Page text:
AI is here. New models like ChatGPT can take a simple prompt and turn it into in-depth essays, articles – or even songs.
So what does this mean for schools? Will the new tech make it easier than ever before for students to cheat on homework and exams? How are teachers and parents supposed to stop them? We put the question to a jury of experts in education – and ChatGPT itself – to get the answers.
Amber Lloyd, Head of English Faculty, St Cuthbert’s College
Lloyd, who has been in education for 30 years, described the new software as a “game changer”, and a tool she was keen to explore.
“Especially with my seniors, we can get them to co-write an essay using Chat GPT, look at it together as a class – ask them what are its flaws? How can you identify its structure and engage with it?”
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Teachers concerned about cheating could encourage handwritten exercises, she said, not just to avoid unoriginal work, but because it’s better for learning overall.
“We’re getting them to do handwritten tasks, not just because of authenticity but because the research suggests handwriting is better in terms of being able to synthesise and learn.”
Lloyd uses software to pick up plagiarism – but ChatGPT works around this by generating new text itself, so it can evade the software.
Ultimately, Lloyd said, it became a matter of how well teachers knew their students.
“It’s not completely worrying, because it comes down to how well you know the students and what they’re capable of.”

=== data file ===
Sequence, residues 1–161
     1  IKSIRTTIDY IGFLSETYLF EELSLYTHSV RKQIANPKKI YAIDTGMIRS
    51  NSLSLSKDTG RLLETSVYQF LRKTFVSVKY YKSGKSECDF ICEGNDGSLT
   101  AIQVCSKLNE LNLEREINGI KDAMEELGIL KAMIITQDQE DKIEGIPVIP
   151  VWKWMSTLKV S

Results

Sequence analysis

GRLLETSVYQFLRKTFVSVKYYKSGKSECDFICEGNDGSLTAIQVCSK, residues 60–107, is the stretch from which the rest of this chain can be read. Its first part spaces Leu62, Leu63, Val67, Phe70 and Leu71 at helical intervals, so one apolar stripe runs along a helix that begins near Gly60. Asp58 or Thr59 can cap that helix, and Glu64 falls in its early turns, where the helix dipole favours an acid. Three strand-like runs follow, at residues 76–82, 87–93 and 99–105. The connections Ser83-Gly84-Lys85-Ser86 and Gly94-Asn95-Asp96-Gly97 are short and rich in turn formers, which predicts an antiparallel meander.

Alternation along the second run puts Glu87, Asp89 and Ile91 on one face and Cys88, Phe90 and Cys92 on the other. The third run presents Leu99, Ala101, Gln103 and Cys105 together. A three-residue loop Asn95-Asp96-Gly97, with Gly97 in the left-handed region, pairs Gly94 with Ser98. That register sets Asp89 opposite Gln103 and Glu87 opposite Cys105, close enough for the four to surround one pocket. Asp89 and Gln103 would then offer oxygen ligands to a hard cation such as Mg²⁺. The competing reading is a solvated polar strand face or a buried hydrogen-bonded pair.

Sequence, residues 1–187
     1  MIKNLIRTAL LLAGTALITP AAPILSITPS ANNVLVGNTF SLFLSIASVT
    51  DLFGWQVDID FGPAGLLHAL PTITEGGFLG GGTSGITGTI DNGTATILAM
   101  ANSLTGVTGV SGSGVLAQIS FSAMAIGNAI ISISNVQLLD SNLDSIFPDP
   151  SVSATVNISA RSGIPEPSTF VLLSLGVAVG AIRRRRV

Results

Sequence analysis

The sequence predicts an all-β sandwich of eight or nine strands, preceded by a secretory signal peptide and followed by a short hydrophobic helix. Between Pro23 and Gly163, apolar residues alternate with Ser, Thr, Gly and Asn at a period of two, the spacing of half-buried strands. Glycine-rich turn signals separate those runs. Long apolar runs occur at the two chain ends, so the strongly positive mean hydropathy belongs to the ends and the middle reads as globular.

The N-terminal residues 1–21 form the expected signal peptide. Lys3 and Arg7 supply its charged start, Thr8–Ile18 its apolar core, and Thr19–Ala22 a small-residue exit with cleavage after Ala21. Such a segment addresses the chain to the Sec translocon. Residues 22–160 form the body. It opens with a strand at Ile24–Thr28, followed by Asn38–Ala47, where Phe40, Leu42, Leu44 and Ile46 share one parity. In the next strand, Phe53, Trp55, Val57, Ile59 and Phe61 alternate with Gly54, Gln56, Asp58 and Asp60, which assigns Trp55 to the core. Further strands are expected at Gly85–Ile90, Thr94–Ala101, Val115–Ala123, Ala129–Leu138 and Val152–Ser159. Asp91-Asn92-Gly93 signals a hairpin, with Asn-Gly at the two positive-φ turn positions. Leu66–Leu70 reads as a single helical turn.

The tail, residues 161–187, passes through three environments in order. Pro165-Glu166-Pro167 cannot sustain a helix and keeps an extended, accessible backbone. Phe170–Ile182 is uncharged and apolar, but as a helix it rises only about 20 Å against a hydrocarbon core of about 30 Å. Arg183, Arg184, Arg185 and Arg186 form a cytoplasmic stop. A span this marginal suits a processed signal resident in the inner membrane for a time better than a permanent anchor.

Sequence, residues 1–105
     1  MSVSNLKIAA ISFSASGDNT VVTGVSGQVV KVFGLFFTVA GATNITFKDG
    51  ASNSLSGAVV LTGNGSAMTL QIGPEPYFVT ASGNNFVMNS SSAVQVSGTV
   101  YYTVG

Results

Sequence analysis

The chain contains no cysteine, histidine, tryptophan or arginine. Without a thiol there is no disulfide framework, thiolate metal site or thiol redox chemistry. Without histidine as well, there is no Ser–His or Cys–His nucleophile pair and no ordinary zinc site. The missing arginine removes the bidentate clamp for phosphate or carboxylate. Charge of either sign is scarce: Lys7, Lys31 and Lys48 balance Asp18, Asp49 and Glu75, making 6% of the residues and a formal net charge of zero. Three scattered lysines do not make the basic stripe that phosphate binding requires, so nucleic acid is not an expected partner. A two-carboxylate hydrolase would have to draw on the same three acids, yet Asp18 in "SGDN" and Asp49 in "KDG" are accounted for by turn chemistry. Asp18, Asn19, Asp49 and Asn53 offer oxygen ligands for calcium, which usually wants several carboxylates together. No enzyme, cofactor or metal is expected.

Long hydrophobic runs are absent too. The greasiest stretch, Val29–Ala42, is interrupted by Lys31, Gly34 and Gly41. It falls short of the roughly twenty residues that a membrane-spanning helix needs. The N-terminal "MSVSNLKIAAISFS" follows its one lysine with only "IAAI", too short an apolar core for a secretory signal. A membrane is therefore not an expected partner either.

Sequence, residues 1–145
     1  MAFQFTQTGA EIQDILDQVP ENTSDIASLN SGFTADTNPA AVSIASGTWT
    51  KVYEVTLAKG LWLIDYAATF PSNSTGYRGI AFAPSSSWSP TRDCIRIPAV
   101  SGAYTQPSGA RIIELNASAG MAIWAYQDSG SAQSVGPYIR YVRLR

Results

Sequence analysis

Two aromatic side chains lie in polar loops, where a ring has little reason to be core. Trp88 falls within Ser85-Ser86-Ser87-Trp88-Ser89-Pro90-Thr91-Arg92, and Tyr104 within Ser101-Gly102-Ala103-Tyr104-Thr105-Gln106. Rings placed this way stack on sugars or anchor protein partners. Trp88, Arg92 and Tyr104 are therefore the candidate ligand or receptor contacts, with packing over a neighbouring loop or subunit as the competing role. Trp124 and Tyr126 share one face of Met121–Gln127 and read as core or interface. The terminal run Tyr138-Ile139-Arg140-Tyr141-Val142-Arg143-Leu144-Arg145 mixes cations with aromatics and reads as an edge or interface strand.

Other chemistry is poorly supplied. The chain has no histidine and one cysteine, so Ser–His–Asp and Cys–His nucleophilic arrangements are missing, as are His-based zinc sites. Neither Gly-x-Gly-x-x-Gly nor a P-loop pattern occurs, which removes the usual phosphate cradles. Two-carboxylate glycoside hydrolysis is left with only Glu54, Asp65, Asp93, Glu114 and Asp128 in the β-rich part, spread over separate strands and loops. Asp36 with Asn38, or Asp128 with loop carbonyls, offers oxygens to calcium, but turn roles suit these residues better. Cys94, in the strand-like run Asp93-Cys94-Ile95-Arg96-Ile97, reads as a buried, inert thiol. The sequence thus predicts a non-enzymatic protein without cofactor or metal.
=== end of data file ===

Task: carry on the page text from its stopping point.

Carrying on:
She asks students to submit a handwritten sample task at the beginning of each year as a benchmark of ability.
Lloyd suggested encouraging oral assessment and comparative text assignments to get around the use of Chat GPT.
Dr Andrew Chen, Research Fellow at the University of Auckland
Dr Chen, who has worked in AI for nine years, said
the concern is that students can cheat using AI tools is a valid one, but teachers can use AI to reach more students, more effectively.
He suggested the tools could be used to benefit students with learning disabilities.
“They can use these tools to augment their abilities to meet the standards of society.
“When we think about resources for those students, it is very resource intensive to support those children – tools like this may be able to help with that.”
Dr Chen also advised teachers to break up their assessment in new ways, such as providing more oral or video assignments.
“The technology is enabling,” argued Dr Chen, “It asks questions like – is writing an essay the only way to learn skills? Is it necessary to write an essay to logically think through or analyze a text? Is that the only way to communicate that?
“I would say over the last 20 years there’s been a shift into the idea that writing may not be the best way to communicate – videos and podcasts might be.”
Dr Chen suggested teachers use more local texts so ChatGPT does not have the resources to write about them.
“Teachers can choose more localized content and pick subjects that the bots are less likely to have seen before.”
We put the question to GPT – here’s what it had to say for itself:
“There are several ways to prevent students from cheating with AI technology. One approach is to use proctoring software that uses artificial intelligence to monitor students during online exams. This software can detect suspicious behavior, such as the use of prohibited resources or the presence of another person in the room.
“Another approach is to use AI-generated questions or tests that are unique to each student, making it difficult for students to share answers.
“Additionally, institutions can also create policies and procedures to address academic dishonesty, including the use of AI technology, and provide regular training and education to students and faculty on academic integrity.”